Banga Soup is a popular Nigerian palm nut soup. It’s a Delta/Urhobo favourite but its preparation method varies from tribe to tribe.
For this soup, you can use the canned palm nut extract as it is much easier and cuts down cooking time. However, if you want to use fresh palm nut, you will need to wash the nuts properly, then boil until the nuts soften.
Transfer the nuts into a mortar and pound till the skin comes off and the colour becomes even. Thereafter, pour some hot water on the nuts while they are still in the mortar and mix thoroughly. Strain with a sieve or cloth to extract the palm oil and that’s it.
Other things you will need are:
Catfish or any preferred fresh fish
Fresh or smoked shrimps (Optional)
Ground crayfish or prawns
Crushed Obeletientien leaves or dried bitter leaves
Scotch bonnet (ata rodo)
Dried pepper (optional)
Clean and wash your fish thoroughly, especially if you’re using catfish as it can be slimy. Then, boil your meat if you’re using any. When the meat is tender, add the dried stockfish, smoked fish, blended scotch bonnet. Boil till the stockfish is tender and the meat/smoked fish soft.
Now, transfer your palm nut extract into a big pot. If you’re using the tinned extract, it comes really thick, dilute with hot water; the water should be almost double the quantity of the extract. You can also use the stock from the meats as well. Then, place on medium heat and mix properly.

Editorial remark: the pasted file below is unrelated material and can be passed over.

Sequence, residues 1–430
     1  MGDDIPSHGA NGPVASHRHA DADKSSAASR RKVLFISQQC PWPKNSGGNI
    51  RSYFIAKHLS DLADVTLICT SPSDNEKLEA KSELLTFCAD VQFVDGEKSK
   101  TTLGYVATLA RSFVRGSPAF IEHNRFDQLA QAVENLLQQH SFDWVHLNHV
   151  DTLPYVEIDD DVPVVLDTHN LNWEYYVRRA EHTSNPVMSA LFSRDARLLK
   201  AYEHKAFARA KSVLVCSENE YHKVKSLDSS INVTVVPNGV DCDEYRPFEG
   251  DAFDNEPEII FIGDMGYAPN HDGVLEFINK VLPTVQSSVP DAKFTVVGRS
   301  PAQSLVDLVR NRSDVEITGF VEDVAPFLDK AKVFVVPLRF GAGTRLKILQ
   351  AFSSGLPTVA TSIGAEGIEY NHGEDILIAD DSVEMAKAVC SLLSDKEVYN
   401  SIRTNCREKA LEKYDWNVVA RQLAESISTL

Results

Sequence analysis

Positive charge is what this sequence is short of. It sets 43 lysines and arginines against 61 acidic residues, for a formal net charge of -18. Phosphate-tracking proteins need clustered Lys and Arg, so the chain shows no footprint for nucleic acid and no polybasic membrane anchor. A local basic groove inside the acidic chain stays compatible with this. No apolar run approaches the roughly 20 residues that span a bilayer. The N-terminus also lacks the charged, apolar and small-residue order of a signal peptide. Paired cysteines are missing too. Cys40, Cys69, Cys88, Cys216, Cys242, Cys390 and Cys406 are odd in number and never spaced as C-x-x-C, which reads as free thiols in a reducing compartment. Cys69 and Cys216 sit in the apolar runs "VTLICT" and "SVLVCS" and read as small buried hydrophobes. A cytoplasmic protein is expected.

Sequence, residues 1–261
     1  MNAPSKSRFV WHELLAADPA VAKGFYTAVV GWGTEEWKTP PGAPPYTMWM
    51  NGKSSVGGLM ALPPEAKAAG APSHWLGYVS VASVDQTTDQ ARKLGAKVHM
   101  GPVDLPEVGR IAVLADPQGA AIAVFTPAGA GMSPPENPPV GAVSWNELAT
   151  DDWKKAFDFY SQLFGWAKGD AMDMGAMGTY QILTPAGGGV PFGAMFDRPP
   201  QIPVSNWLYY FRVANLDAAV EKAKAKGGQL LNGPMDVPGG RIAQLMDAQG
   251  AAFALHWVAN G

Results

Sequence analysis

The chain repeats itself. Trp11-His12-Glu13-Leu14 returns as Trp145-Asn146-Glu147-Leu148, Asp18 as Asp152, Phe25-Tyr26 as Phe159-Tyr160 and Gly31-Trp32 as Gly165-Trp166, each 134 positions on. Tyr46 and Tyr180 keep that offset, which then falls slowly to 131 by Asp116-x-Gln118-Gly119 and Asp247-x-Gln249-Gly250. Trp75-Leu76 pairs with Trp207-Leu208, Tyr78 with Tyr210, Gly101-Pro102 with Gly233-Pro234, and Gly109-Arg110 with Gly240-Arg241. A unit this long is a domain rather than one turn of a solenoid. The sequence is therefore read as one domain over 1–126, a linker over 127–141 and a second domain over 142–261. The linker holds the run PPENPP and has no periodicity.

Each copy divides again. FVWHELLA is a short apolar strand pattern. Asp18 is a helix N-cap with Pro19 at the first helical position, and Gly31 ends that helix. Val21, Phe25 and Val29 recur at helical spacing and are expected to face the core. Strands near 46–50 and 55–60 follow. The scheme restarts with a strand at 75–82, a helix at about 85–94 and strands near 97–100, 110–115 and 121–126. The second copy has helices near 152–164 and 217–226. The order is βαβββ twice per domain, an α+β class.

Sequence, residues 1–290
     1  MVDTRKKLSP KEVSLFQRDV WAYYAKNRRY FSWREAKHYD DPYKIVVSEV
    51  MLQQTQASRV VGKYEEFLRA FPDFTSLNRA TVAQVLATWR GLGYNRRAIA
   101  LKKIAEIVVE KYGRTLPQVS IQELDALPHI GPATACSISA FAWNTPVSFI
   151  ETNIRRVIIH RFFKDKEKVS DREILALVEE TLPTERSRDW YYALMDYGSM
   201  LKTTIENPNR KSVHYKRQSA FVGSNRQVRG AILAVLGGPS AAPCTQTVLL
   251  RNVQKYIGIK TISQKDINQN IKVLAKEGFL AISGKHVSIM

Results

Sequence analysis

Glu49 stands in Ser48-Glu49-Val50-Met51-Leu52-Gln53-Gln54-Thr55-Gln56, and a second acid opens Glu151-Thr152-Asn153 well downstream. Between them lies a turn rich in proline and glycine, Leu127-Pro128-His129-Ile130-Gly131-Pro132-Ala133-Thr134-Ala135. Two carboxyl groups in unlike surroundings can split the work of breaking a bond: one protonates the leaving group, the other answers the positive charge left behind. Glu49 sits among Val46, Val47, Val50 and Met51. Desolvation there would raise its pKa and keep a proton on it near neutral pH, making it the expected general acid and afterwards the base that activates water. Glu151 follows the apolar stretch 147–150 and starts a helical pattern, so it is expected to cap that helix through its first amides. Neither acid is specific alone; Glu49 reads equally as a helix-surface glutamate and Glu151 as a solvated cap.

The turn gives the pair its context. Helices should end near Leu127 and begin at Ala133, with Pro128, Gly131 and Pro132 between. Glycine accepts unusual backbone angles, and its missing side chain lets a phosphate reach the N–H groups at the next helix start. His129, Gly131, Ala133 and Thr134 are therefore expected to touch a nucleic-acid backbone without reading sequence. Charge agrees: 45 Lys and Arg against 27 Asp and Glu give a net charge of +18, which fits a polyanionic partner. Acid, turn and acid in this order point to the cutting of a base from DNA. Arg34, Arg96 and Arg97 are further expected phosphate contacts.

Make sure you don’t cover the pot from now till the end of the cooking process.
Let this boil for 10 to 12 minutes.
Then add the Banga Spice, Oburunbebe stick, ground crayfish or prawns, dried pepper, seasoning cube and salt. You may not need too much salt if your stock is well seasoned so be mindful.
When adding Banga spice, start with a tablespoon and add more intermittently if needed as too much will make the Banga soup bitter. Leave to cook for five minutes, at this time, the soup would have thickened up a bit.
Now, add the catfish or your preferred fresh fish and fresh shrimps. This is also the time to add periwinkles if you’re using any. Reduce the heat and leave to cook for seven to 10 minutes. By this time, palm oil would have settled on the top. Decant some of the palm oil if you find it too oily.
Blend your bitter leaves or Obeletientien. Then, add inside the combination on fire. Stir properly, cook for two more minutes, then switch off the heat.
Leave to cook for further two to three minutes with the residual heat, and thereafter, remove the Oburunbebe stick.
Your banga soup is ready! Serve with pounded yam, eba, or starch.
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